Thursday, October 23, 2014

The Hobo Has Left the Building

(post copyright 2014, Dawn Weber)

There's a stranger in my house.

I'm not sure who he is, but from all appearances, this kid combs his hair, brushes his teeth, and showers voluntarily. Quiet, anti-social, his fingers tapping furiously at a screen - I'm afraid to approach him. He looks pretty surly.

Nonetheless, I carefully walk over to the outsider and stare at his face. Is it . . . could it be?

Holy zit! It is him! Yes, I can't quite believe my eyes, but somehow, I know I'm right. Judging by the pimples, voluntary showers, and alarming array of Axe products in the bathroom, I now have a . . .

(*Cue dramatic music*)

. . .  Teenage boy.

You remember my son, the Hobo, right? Avid fan of farts, stranger to personal hygiene, avoider of anything girl- or romance-related?

Well, the unbelievable, the unthinkable has happened, and he seems to be growing up and taking an actual interest in bathing. No longer content just to smell, no, he actually wants to smell - good.

I should have known my son had crossed the slick, sweaty bridge to adolescence - the signs are all there: He empties the refrigerator, sleeps 11 hours a night, and no longer dry-heaves at the mention of females. And if I had any doubt that he's changing, it disappeared the other morning as I tried to roust him from bed.

"Hobo," I called up the stairs.


"Hey, buddy! It's time to wake up."

*Muffled mumble. More crickets*

"Levi," I called again, using his real name to indicate the magnitude of the situation. "It's 6:15. Time to wake up."


"I HEARD YOU!" he roared through the ceiling. "I am GETTING UP!"

I stood on the landing, my mouth agape, debating whether to whoop his butt or run and hide.

Where was my kid, the sweet boy, the one who would have simply said, "Okay, Mom!" and then bounded down the stairs to hug me?

Ah, but I should have anticipated this. I've been through it before, and pretty recently, too, with my daughter, the Princess, who was in a puberty-related bad mood for a good part of a decade. She's 17 now, with (mostly) grown girl parts, so the hormones are (mostly) done coursing through her system, and she's in a decent frame of mind these days.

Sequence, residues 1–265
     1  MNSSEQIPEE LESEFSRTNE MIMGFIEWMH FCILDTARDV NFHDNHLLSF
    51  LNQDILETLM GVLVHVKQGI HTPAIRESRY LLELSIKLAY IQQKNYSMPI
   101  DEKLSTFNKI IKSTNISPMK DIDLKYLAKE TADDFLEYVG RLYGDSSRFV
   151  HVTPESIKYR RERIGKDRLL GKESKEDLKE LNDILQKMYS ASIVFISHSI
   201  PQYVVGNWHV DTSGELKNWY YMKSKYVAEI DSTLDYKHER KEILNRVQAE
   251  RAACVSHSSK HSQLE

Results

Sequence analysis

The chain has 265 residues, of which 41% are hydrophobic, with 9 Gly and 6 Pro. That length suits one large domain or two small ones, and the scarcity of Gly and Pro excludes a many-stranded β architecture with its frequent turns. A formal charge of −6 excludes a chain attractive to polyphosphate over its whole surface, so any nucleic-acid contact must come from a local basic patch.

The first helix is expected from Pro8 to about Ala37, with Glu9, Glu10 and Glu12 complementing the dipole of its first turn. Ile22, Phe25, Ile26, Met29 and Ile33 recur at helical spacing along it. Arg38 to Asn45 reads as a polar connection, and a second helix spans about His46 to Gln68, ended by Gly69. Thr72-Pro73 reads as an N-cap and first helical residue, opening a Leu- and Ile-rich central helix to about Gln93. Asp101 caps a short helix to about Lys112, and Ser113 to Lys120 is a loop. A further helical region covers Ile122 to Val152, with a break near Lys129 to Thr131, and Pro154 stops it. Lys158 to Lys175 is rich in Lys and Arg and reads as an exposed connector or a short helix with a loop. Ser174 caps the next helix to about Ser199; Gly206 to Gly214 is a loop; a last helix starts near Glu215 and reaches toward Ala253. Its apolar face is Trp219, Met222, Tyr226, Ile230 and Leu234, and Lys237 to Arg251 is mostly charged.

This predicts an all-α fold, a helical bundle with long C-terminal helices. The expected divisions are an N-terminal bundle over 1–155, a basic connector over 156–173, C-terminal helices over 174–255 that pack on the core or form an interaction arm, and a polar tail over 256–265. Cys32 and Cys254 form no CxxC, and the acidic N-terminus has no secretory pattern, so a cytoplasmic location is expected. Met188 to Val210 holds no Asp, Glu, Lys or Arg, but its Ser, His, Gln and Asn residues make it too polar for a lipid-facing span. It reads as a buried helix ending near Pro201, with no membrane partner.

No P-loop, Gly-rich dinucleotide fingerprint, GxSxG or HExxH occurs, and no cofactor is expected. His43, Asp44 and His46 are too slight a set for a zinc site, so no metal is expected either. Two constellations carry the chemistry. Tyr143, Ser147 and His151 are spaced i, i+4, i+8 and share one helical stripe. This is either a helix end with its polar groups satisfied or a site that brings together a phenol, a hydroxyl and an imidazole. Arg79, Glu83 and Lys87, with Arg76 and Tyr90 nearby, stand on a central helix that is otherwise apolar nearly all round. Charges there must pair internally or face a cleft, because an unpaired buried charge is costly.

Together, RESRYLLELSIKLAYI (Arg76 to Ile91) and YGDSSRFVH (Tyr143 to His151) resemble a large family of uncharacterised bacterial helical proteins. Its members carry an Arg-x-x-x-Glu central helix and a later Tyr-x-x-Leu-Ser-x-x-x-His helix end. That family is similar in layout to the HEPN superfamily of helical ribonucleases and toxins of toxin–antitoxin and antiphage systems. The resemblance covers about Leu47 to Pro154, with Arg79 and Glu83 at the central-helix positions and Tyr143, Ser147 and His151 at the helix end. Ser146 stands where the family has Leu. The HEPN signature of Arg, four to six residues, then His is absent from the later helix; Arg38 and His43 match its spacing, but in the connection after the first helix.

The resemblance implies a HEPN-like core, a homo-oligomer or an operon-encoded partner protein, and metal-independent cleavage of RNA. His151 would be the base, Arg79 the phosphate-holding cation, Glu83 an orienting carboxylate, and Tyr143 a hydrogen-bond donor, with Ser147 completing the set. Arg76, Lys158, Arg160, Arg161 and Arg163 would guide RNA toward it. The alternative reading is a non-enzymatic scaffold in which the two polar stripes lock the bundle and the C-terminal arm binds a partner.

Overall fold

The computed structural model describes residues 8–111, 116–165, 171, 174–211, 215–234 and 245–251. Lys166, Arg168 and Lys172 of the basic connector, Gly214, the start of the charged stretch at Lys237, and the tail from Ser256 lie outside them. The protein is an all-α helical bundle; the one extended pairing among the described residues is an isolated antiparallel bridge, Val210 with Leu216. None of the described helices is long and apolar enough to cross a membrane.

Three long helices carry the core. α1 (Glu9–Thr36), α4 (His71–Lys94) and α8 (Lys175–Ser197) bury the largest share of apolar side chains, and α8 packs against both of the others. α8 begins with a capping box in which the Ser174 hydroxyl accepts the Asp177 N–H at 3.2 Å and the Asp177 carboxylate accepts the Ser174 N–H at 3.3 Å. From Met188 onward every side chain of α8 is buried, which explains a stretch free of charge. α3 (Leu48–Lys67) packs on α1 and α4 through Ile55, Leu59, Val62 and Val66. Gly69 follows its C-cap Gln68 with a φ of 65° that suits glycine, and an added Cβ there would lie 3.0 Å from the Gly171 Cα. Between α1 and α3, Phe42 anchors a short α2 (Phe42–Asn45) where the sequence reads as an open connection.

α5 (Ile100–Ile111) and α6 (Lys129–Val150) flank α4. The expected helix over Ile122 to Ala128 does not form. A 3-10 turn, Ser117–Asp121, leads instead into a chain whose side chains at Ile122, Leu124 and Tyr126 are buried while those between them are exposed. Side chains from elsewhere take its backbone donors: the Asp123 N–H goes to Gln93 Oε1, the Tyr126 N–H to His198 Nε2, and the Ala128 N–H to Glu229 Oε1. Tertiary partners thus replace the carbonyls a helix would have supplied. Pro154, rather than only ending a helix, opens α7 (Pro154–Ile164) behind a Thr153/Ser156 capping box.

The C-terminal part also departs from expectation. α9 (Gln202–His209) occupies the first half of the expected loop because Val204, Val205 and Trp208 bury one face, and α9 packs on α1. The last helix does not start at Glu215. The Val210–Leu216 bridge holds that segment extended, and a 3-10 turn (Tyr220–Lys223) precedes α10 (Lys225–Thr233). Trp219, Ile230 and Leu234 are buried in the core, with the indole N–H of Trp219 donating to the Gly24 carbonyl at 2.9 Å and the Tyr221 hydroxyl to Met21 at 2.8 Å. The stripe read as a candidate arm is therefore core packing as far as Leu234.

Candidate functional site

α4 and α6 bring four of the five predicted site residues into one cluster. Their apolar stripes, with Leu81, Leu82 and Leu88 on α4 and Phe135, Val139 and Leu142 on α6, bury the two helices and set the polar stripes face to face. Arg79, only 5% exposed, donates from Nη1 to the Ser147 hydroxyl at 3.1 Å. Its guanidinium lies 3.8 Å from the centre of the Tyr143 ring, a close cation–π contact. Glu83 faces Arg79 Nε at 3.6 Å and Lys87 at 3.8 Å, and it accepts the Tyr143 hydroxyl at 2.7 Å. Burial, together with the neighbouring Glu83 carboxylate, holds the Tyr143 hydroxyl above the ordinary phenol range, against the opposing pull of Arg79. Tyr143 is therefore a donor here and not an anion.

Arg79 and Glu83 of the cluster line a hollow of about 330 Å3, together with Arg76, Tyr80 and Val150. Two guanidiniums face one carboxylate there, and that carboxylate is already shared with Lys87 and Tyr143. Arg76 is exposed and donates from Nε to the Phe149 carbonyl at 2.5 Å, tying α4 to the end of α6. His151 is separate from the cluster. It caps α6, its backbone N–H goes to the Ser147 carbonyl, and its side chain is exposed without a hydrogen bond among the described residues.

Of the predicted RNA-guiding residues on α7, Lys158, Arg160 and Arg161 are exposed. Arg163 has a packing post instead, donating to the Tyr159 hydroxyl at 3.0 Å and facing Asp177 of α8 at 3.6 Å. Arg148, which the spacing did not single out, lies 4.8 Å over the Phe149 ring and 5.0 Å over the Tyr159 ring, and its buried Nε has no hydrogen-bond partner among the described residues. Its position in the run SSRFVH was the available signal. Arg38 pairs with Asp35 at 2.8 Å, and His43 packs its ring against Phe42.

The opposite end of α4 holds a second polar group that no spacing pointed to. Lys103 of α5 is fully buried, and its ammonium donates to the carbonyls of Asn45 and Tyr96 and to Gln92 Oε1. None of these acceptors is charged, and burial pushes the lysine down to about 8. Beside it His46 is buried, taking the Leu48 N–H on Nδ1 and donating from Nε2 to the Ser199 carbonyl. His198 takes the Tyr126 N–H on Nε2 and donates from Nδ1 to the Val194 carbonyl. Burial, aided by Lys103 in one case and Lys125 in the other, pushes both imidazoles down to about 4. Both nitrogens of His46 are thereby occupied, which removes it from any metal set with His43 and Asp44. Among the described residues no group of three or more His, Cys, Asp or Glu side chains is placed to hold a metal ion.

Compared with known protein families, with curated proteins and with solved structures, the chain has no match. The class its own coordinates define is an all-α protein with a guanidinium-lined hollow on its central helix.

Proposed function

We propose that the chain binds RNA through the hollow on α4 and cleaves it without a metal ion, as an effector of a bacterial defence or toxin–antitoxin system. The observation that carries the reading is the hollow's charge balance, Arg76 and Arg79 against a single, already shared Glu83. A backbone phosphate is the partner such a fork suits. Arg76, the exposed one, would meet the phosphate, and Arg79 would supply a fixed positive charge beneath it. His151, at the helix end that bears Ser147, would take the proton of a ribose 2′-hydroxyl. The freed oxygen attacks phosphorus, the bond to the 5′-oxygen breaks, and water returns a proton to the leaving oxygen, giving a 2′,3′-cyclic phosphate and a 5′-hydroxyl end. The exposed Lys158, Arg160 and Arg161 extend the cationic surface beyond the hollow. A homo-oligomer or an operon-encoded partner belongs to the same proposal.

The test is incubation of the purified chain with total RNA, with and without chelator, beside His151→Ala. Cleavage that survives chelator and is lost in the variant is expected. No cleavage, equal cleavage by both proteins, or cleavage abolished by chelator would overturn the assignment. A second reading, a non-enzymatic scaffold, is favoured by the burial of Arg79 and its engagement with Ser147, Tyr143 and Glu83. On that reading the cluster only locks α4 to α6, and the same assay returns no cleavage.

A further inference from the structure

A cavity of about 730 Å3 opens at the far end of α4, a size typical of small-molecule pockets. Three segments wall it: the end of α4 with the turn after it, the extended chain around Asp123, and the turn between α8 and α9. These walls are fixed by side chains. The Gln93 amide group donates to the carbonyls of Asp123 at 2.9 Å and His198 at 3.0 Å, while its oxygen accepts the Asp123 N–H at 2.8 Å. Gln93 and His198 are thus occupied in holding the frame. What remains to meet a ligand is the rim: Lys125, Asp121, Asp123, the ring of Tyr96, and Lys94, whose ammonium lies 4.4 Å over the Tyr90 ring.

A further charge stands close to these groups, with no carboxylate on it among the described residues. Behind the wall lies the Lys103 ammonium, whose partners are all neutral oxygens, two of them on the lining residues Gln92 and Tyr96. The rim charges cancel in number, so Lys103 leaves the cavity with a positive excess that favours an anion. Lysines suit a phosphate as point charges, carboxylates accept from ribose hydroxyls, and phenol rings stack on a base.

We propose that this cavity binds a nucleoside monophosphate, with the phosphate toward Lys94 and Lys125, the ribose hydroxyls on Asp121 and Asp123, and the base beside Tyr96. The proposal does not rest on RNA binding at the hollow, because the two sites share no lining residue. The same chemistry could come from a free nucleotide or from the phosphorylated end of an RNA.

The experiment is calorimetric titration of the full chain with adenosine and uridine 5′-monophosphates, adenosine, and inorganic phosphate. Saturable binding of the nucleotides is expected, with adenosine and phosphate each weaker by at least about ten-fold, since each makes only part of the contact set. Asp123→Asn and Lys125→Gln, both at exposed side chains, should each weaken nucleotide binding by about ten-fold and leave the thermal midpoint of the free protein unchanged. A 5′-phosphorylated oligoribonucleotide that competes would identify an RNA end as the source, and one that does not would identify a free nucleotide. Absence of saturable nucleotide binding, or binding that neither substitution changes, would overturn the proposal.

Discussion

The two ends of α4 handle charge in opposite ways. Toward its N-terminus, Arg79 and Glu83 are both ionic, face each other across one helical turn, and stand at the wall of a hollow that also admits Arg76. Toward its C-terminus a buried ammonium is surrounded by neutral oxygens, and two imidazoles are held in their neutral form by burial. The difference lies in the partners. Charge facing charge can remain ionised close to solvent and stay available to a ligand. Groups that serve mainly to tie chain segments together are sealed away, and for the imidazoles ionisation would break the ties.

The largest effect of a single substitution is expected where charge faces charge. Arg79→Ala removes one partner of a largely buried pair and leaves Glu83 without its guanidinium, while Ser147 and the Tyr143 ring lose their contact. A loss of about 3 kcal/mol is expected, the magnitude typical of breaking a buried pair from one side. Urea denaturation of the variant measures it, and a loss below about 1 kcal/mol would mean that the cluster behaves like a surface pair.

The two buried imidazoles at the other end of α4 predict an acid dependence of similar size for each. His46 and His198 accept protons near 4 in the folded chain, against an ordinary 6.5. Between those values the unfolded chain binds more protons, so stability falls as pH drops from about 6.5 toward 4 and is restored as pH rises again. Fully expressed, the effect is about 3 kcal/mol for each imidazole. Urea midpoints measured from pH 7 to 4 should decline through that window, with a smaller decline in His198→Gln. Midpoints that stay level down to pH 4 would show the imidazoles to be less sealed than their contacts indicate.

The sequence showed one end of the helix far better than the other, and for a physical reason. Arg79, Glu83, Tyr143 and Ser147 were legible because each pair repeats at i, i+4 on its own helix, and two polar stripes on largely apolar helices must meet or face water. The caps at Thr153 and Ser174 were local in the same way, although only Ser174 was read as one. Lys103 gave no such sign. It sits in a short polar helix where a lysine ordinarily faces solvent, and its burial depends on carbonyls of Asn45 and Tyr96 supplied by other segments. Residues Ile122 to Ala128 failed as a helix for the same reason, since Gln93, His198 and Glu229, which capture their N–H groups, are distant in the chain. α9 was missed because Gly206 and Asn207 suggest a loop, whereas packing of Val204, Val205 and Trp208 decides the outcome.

Oddly enough, it was to her I first mentioned the Hobo's foul moods.  "I think your brother is becoming a teenager."

"I know!" she replied, eyes wide. "He is, like, mean! I said something to him the other day, and he just, like, SCREAMED at me! For no reason!"

Ha ha ha!

Oh, Karma - you're a bitch. But sometimes, you're my very best friend.

Still, I realize this is the beginning of the end of something - again. In the next several years, I'll deal with a crabby, gangling, sometimes insufferable man-child who will double the grocery bill, empty the hot water tank, steal my Victoria's Secret catalogue, and continue to expand his disturbing collection of Axe products.

And I will miss the little boy, the three-year-old who said "You're my girlfriend, Mommy!" when I asked about his love life.

I'll miss the older version, too. The one who smiled, laughed, replied without yelling, looked at something besides an electronic screen, and even occasionally - just sometimes - acknowledged my presence in public.

I mean, that kid smelled funny. But he sure was nice.


  1. Acknowledging ones presence is way overrated 😊

  2. Awww. I can fully relate, and it twists my little heart, it does.

    Next he'll be asking if he can get a tattoo.

    Somebody hold me.


  3. Sorry, Dawn. My sympathies to you. He's not...dare I yet, is he? Do warn us all when that starts. I'm not sure why you should warn us. I'm scared for you, though you'll handle it beautifully - as much as beautiful parents can handle an ugly mess.


    PS Thank goodness for voluntary showering.